Arjia Rinpoche

Arjia Thubten Lobsang Rinpoche

In the Tibetan tradition of Buddhism, "Rinpoche" is a title given to a tulku - a reincarnated being of a previous holy person.
When he was two years old, Arjia Rinpoche was recognized as the incarnation of the father of Lama Tsong Khapa, the great thirteenth-century Buddhist reformer, and, as such, became the Abbot of Kumbum Monastery located in eastern Tibet.
Among Tibetans and Mongolians, it is a very high honor to have your child become a monk and receive a Buddhist education.


In 1958 when he was eight years old, Rinpoche was subjected, as a member of the "exploiting class," to humiliations by the Chinese Communist Party. When the "Chinese Great Leap Forward" occurred, Rinpoche had to disrobe and attend a Chinese school. As a result, he was indoctrinated in the Chinese Communist ways, but due to his teacher's influences, he secretly maintained his Buddhist identity.

From age twelve to fourteen when the Chinese policies slightly eased, Rinpoche studied at Tashilhunpo Monastery in Shigatse, the monastery of the Panchen Lama.

From age fourteen to twenty-seven during the Cultural Revolution, the political situation got much worse again, and he had to work in the fields at hard labor with other lamas and monks.

In 1979 he was reinstated as Abbot of Kumbum Monastery and advanced in the governmental hierarchy. In 1998, he was about to become leader of the Chinese National Buddhist Association. In a crisis of conscience, he escaped from Beijing to Guatemala and, with the help of the Dalai Lama sought asylum in the United States.

Rinpoche settled in Mill Valley, California where he established the Tibetan Center for Compassion and Wisdom. In 2005, His Holiness the Dalai Lama asked him to become the director of the Tibetan Mongolian Buddhist Cultural Center in Bloomington, Indiana. He moved to Bloomington in February 2006 where he has renovated the center and continues to promote Buddhist teachings and Tibetan/Mongolian cultural events. He hosted His Holiness the Dalai Lama's visit to Bloomington in October 2007.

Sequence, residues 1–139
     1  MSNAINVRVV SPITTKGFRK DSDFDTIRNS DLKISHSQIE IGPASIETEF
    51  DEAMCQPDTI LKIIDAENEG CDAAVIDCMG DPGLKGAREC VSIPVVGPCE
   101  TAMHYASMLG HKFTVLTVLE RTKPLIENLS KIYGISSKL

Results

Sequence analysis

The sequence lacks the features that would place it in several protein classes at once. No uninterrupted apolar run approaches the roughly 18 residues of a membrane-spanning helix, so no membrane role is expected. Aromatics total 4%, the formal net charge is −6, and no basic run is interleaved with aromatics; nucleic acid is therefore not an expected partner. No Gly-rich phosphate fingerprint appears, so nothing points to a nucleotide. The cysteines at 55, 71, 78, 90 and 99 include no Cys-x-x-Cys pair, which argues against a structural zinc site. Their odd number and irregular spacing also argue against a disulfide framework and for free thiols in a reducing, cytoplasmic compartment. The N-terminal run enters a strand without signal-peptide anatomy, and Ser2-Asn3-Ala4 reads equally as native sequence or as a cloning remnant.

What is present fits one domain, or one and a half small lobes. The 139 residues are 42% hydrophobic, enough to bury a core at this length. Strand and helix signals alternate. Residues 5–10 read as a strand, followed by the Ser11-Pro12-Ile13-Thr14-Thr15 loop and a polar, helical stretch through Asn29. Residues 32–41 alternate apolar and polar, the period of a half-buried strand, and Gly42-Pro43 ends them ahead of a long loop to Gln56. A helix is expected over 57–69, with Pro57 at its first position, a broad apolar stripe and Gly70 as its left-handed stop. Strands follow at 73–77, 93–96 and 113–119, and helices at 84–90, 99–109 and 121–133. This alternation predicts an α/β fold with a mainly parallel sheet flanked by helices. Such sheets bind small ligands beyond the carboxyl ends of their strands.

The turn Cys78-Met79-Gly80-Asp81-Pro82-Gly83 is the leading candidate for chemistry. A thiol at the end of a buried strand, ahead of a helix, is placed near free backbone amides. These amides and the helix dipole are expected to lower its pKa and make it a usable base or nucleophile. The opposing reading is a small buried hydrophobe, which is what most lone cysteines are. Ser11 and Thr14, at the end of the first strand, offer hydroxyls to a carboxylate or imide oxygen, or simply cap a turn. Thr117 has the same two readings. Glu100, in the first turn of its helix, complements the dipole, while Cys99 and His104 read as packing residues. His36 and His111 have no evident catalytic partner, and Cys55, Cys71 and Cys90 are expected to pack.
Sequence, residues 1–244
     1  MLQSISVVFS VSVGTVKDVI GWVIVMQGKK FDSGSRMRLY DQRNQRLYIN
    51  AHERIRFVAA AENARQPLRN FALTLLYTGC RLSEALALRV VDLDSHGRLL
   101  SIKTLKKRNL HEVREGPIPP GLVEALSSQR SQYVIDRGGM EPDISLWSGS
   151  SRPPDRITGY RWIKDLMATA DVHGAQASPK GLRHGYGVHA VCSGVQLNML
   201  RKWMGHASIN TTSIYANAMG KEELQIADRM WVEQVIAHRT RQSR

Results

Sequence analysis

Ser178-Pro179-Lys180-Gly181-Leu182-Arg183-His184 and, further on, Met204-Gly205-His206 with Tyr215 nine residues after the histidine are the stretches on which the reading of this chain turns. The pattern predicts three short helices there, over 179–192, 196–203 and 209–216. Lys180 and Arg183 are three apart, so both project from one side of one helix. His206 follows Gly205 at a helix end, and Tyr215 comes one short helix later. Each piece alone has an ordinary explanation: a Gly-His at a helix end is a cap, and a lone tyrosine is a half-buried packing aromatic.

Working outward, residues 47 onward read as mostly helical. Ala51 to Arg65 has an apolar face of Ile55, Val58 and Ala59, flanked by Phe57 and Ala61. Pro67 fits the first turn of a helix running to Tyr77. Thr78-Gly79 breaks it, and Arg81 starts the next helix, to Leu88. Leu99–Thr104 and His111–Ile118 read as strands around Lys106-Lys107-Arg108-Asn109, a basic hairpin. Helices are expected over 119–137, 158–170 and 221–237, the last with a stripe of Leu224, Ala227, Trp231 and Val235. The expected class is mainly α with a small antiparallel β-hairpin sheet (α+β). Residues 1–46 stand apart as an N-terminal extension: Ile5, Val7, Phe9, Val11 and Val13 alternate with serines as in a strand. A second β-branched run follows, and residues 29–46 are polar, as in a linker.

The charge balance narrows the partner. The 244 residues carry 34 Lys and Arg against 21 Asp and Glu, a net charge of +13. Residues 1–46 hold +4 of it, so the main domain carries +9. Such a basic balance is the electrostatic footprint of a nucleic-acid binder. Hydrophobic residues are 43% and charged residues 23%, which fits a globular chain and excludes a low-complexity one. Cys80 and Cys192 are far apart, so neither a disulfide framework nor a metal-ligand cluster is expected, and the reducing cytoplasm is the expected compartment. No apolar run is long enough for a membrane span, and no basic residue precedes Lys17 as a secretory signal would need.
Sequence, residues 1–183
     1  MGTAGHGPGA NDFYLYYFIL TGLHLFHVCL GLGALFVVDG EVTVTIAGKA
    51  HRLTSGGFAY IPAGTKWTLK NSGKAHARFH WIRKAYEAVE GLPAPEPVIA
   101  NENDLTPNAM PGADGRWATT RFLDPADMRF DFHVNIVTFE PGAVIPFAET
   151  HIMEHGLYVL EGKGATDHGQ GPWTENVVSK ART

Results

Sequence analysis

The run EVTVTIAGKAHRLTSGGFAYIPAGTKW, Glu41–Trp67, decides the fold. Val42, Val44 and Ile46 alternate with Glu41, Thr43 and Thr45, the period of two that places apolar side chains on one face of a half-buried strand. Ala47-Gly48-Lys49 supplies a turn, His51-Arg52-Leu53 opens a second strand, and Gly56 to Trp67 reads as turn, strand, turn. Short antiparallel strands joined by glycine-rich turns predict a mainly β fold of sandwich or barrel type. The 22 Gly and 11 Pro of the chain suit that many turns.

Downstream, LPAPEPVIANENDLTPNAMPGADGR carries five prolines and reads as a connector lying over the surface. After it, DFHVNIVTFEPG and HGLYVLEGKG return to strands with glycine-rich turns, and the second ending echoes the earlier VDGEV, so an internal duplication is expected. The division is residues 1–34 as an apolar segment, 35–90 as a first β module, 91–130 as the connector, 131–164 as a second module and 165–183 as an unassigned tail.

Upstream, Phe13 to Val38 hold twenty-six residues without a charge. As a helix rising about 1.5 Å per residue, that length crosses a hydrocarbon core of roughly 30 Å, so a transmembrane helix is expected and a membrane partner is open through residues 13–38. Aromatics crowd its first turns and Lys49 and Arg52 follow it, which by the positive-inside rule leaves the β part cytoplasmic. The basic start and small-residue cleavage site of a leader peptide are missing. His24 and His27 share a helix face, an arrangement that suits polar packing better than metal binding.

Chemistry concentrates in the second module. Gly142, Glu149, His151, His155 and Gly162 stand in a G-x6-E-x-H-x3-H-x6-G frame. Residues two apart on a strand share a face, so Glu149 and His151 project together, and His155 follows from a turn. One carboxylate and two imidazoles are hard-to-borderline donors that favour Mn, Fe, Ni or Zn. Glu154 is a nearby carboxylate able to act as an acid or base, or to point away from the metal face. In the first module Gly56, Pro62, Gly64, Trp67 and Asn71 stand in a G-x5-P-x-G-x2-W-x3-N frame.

SURVIVING THE DRAGON: A Tibetan Lama's Account of 40 Years of Chinese Rule

by Arjia Rinpoche (Rodale - 272 pages with original photographs) - Introduction by the Dalai Lama

Surviving the Dragon is the story of Arjia Rinpoche's growing up as the reincarnated abbot in Kumbum, one of Tibet's major monasteries. As a child, he was treated like a living Buddha; as a young man he emptied latrines, but after the death of Mao Tse Tung, he rose to prominence within the Chinese Buddhist bureaucracy. When he was slated to become the tutor of the Chinese selected Panchen Lama, he fled Tibet rather than betray his Buddhist religion and his Tibetan and Mongolian heritage. Rinpoche's unique experience provides a rare vantage on this tumultuous period of Tibetan and Chinese history as well as a glimpse of life inside a Buddhist monastery in Tibet.

Surviving the Dragon opens a window to events from inside Tibetan-Chinese history during the final half of the twentieth century, a conflict that continues today. Rinpoche published his memoirs in the Mongolian language in 2009. Work is underway to translate Surviving the Dragon into Tibetan and Chinese.